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European Politics and Society

In the wake of the scandal currently afflicting Britain’s news industry, it is tempting to believe that anything might be better than putting our faith in the ethics and trustworthiness of professional journalists. So it is a good time to review what social media means for a news industry that is, to put it kindly, in a state of flux. As Tom Standage’s special report makes clear, social media and bloggers can contribute far more to news than was once thought. In recent years mainstream news organisations have often relied on them to break stories that professionals either couldn’t get to or didn’t know about, or to expose weaknesses or failures of interpretation amongst those same professionals. So there is …

The credit crunch and the disillusion with parliamentary democracy prove that there is a problem with the way we govern ourselves, as organisations and states. I would like to propose a solution which, if implemented, would go a long way to providing effective governance, economic growth, and social stability. THE PROBLEM All our existing institutions and regulations failed to prevent the credit crunch, the Madoff and Stanford frauds, the obvious risk of bankers lending to people who can’t afford to repay, and the collapse of numerous financial organisations. The banking crisis was caused by banks knowingly lending to people who couldn’t repay; therefore the crisis was predictable. So why did they do it? Because current governance processes don’t work. In …

David Cameron took office having pledged during his campaign to reduce net migration to the “tens of thousands rather than hundreds of thousands,” a commitment that has been reiterated numerous times since then by Cameron and other Conservative ministers (although it is technically a Conservative party goal rather than a coalition government policy).  But reducing migration appears much easier said than done.  The coalition government has put forward policies designed to reduce net migration through limitations on international students and skilled labour migrants. It has opened a consultation on policy toward settlement—the granting of indefinite leave to remain in the UK, as opposed to mere temporary resident status—and it plans to address marriage- or family-related migration soon. My colleagues at …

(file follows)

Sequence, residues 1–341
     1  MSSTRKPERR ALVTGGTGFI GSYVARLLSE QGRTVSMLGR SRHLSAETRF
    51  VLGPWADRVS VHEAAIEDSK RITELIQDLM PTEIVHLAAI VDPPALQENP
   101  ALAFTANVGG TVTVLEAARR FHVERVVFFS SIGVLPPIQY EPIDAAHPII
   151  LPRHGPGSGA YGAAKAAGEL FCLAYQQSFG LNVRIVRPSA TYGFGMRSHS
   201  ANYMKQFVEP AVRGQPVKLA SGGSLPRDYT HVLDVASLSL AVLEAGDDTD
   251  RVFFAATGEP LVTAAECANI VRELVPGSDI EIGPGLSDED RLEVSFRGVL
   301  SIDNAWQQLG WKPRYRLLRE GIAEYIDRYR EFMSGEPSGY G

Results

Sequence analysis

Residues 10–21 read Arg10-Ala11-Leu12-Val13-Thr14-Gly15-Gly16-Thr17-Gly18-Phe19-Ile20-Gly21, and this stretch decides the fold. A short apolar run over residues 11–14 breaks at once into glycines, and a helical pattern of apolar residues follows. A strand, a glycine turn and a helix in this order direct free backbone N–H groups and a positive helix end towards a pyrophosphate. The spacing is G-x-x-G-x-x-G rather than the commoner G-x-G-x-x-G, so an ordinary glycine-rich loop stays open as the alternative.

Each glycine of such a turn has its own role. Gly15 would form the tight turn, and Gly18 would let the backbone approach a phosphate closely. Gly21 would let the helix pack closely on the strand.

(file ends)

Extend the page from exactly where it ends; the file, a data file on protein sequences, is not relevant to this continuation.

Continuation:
Before the varied attire of Arab Spring protesters, in recent times, revolutions tended to come in colours. Ukraine was awash with orange. Kyrgyzstan chose pink and Georgia rose. Thailand could not make its mind up over red and yellow. Choices varied but in each instance pigmentation signified unity behind certain causes and grievances. Yet in some cases the colours imbued more than solidarity – they bred an artistic renaissance. Last Friday, Olga Onuch, a former DPhil student in the DPIR and now a post-doc at the University of Toronto, and her father, Jerzy Onuch, spoke about the intersection between art and protest. Both know a lot about the topic: it is the subject of Ms. Onuch’s recently completed PhD dissertation …

Sounds unlikely.  Did Twitter? Nobody really seems to claim so, though Evgeny Morozov erroneously claims that Andrew Sullivan claims so, though Sullivan actually only raised the question and linked to Ethan Zuckerman, who … wait, back to the fax machine. I met Marc Plattner yesterday, who edits the Journal of Democracy and is a veteran of both academic and policy discussions around issues of democracy and democratization. He told me about how some people used to claim the fax machine “caused” (or at least played a large part in) the collapse of the Soviet Union. You can imagine all the arguments that could be marshalled. (“Between them, television, the fax machine and word of mouth have banished fear,” writes John …

The People’s Charter of 1848 contained six demands, then considered dangerously radical by both Whig and Tory governments. One of the six was: EQUAL CONSTITUENCIES, securing the same amount of representation for the same number of electors, instead of allowing small constituencies to swamp the votes of larger ones. The Chartists might have been surprised to find that it was a Conservative-dominated government which first tried to enact equal representation, in the Parliamentary Voting System and Constituencies Bill 2010 (PVSCB in civil servantese). As I write, the controversial bill has passed the Commons, and is being considered by Their (unelected) Lordships, who have no scruples about amending bills on how to elect another house.  Oh well, that’s politics. Some political …

  Today there is no agreement on what should replace the Kyoto Protocol (KP) expiring in 2012. What is certain, however, is that the framing of the new climate regime may create new scenarios, involving new fora and strengthening certain international players while weakening others.